Osteoporosis is the loss of calcium and collagen from bones. This means that over the course of time bones become full of gaping holes, rather than the fine honeycomb like texture that they are when all is well. Unfortunately, with osteoporosis bones lose their ability to absorb shock and become liable to fracture with even a small knock or fall.
The skeleton reaches its peak mass at around age 35, and after the fourth decade bone content is lost at the rate of 1-2% a year. This process accelerates after menopause such that by 65, most women have lost 30-50% of their skeletal mass. Men are affected to a lesser degree. The level of calcium in the bloodstream has to be maintained by the body within a very narrow range. This level is influenced by intestinal absorption, excretion and hormones as well as growth, physical activity and disease. A slight drop in blood calcium stimulates the release of calcium from the bones, its absorption from the intestine and decreases its loss into the urine. When there is a slight rise in calcium blood levels the process is reversed and bone mineral content is replenished through the actions of vitamin D, calcitonin, oestrogen's and other hormones.
Probably one of the least publicised causes of calcium loss is through the body's neutralising the acid by products of a high protein diet. For every extra 10g of meat eaten the body loses 100mg of calcium in the urine. There is a known link between high protein diets and bone loss. Relying on dairy products for calcium intake can be tricky as many people are actually lactose intolerant and do not digest dairy products properly.
People’s tendency to bone loss is influenced by genetics, thyroid disease, oestrogen levels (because oestrogen enhances calcium absorption), age (calcium absorption declines with age) and level of exercise, especially weight bearing exercise. It should also be borne in mind that medications, drugs, smoking, caffeine and certain foods such as phytates in bran impede absorption of calcium, increase its excretion and decrease its utilization.
Prescription drugs known to interfere with calcium absorption include: corticosteroids, anticonvulsants, antacids that contain aluminium and conventional diuretics. Prolonged stress also depletes the immediate supply and stored levels of calcium. Lack of specific nutrients, especially Vitamins D, C and K and the minerals magnesium and phosphorus can affect calcium availability.
As with most health conditions diet and lifestyle are a huge factor. It would seem that women in the 18th century suffered less from bone loss that women today, and this must be largely due to changing patterns in nutrition and lifestyle. People assume that if you have enough calcium you will safeguard your bones, but in fact a study has shown that only 25% of people with bone loss show skeletal calcium deficiency. If you over supplement with calcium when it is not needed it can lead to kidney stones and soft tissue calcification such as arteriosclerosis.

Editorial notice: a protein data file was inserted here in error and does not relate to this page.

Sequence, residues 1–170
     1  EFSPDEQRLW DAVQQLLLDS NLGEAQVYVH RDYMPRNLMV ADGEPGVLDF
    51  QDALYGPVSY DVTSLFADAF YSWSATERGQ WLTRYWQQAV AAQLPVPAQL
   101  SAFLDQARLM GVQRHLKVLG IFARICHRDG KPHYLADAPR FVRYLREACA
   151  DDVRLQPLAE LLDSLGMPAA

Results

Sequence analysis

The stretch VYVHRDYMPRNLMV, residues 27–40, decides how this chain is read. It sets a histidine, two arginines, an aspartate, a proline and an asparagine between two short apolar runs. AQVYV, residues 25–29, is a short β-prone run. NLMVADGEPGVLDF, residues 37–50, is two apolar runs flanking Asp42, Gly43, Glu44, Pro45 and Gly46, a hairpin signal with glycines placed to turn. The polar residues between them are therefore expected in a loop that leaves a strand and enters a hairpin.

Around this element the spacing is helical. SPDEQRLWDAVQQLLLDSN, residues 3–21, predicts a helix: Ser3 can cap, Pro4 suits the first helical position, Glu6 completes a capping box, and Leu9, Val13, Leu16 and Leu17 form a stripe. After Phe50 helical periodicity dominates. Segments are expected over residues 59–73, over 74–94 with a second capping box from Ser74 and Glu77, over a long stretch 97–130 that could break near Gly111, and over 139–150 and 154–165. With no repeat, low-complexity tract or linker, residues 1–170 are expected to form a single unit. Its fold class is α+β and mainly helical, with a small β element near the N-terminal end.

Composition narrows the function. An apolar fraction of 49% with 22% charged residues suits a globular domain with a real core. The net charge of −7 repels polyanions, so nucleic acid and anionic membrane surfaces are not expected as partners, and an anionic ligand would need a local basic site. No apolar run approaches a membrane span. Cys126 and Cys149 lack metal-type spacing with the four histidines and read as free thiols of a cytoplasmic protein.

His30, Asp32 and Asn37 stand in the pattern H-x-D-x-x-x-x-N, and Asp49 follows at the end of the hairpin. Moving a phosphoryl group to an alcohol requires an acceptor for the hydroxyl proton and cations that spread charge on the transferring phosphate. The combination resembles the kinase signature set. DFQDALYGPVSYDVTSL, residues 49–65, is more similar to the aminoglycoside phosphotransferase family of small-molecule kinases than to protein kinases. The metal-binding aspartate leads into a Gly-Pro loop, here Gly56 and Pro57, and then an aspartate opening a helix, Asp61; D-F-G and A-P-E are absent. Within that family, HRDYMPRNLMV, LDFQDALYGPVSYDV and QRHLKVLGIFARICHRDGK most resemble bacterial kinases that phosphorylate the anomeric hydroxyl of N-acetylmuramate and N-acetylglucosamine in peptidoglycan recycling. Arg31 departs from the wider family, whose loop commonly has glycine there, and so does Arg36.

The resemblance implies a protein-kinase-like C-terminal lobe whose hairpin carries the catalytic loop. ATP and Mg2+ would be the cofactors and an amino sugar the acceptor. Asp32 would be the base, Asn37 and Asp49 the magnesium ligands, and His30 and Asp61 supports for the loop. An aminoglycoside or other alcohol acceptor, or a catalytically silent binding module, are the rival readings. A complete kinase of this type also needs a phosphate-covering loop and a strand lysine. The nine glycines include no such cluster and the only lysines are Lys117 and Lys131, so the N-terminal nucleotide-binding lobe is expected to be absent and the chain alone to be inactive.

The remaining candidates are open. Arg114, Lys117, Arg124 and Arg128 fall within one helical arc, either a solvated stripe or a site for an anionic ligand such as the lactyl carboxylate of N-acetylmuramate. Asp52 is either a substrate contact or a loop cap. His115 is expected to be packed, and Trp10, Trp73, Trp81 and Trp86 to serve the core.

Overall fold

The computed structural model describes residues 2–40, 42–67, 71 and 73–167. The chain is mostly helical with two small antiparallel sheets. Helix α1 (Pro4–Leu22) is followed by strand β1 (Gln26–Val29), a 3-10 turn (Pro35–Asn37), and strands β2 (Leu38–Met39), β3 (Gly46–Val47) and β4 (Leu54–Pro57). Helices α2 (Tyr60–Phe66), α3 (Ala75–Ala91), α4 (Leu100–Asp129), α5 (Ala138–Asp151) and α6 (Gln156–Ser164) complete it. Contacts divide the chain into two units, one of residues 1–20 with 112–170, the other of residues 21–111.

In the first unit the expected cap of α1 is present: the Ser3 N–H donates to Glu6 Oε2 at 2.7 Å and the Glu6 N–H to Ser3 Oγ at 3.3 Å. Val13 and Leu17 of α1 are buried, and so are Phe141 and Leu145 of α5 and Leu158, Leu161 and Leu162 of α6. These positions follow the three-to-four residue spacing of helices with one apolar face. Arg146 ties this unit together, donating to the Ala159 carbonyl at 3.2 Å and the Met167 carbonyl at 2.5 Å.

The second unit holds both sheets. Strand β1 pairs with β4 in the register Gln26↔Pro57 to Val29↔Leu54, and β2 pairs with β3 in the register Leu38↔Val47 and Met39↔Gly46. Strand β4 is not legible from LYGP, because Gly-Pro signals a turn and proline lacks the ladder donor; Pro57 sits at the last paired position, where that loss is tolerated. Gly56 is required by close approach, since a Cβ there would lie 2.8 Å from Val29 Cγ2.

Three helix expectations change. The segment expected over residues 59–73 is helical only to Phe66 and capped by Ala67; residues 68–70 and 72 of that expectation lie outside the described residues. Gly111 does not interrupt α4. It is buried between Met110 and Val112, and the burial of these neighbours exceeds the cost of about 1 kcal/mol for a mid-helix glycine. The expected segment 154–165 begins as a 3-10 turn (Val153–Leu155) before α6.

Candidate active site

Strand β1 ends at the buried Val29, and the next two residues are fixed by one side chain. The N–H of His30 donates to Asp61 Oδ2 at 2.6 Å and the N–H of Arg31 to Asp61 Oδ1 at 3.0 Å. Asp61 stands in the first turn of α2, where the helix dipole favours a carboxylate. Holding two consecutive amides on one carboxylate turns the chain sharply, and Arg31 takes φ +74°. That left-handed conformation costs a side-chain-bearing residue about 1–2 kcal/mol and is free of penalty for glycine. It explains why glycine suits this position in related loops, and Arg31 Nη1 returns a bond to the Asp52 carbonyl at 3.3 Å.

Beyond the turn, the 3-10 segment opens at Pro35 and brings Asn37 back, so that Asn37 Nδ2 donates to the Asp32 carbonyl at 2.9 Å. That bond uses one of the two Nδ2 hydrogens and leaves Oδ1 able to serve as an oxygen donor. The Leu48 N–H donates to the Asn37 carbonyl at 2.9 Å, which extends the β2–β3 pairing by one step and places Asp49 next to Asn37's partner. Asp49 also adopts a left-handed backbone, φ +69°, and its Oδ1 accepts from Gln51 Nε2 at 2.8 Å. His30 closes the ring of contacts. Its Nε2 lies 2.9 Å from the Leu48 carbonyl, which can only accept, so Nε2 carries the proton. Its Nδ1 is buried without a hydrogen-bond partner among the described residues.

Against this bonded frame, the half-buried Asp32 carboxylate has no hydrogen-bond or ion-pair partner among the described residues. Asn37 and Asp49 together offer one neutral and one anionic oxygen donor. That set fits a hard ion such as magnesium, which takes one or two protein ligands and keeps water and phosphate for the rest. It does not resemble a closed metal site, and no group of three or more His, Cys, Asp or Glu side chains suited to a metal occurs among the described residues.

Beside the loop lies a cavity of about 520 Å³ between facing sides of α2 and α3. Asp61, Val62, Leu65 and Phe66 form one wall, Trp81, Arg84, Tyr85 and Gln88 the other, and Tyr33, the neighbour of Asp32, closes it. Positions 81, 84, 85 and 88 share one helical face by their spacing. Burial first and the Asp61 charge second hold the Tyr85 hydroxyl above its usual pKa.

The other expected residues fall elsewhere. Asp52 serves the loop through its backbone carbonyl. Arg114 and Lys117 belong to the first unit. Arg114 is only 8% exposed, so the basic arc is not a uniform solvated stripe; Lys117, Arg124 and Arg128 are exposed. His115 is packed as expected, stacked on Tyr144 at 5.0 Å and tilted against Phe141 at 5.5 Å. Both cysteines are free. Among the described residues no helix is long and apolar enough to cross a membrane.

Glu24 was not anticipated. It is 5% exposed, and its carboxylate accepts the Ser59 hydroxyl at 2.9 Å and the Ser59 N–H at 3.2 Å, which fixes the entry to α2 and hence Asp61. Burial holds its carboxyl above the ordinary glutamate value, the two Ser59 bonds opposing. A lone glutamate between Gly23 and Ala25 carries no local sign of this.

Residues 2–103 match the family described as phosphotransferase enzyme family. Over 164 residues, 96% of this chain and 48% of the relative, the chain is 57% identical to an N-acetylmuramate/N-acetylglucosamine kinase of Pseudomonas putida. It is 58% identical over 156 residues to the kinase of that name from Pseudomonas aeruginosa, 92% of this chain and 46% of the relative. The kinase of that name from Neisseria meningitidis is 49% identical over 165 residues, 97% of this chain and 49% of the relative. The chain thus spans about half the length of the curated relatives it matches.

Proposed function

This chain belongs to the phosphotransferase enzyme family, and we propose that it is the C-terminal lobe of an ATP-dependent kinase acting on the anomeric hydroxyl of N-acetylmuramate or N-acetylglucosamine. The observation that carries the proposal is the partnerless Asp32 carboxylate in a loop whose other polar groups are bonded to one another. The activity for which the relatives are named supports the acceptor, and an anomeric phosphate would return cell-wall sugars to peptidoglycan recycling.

So what can we do about reducing bone loss and, over longer periods of time, rebuilding lost bone? The first thing we must do is to pay attention to our diet, making sure we are not short of the nutrients which help absorption and maintenance of calcium in the body. It is especially important to get a healthy balance of magnesium and calcium. Dairy products are high in calcium but very low in magnesium. Leafy greens and nuts are good sources of magnesium to make up the deficit.
If you are one of the many people who is having to avoid dairy products then you will need to ensure that your diet is rich enough in non dairy calcium sources. Carrot juice is surprisingly high in calcium for example and soya products are good too.
Good herbal sources of calcium and magnesium are nettle, equisetum, oats, seaweeds such as kelp and arame, dandelion leaf, parsley and watercress. Women who are post or peri-menopausal will benefit from increasing the amount of phyto-oestrogens consumed in the diet. Soya products are good sources, and pulses like chickpeas and lentils are helpful too. Tofu is a good ingredient in a bone density action plan diet. It is interesting to note that Japanese women have half the hip fracture rate of western women. Medicago sativa (alfalfa) can be helpful, partly due to its oestrogenic properties too.
Since Vitamin D enhances absorption of calcium, it is a good idea to expose your face and arms to the sun for about 10 minutes per day without sunscreen, you could do this whilst exercising – killing two birds with one stone.
It is all very well putting measures in place to maintain healthy bones but when patients present with an existing diagnosis of severe osteoporosis it can be difficult for them to trust totally in herbal approaches, particularly as meaningful improvements in bone density will not show up on a scan for a period of 2 years and studies supporting the use of herbs in osteoporosis are sadly thin on the ground. In these cases it can be the best option to combine allopathic and herbal approaches. The use of herbs can help to mediate the side effects associated with allopathic approaches to osteoporosis.
One herb which shows promise in the rebuilding of lost bone is Rehmannia glutinosa. Rehmannia is an adaptogen from China with a host of beneficial actions on the liver and the adrenal glands. A study in 2003 has shown that treatment with this herb resulted in a significant increase in bone density in rats, so it may be worth supplementing with Rehmannia as part of an overall treatment strategy.
As ever with herbal medicine it is all about tailoring the approach to the individual. It is not a question of prescribing a set formula of herbs for patients with osteoporosis but a careful process of understanding the individual circumstances of each patient. The advice and prescription for each person will be different according to their unique situation.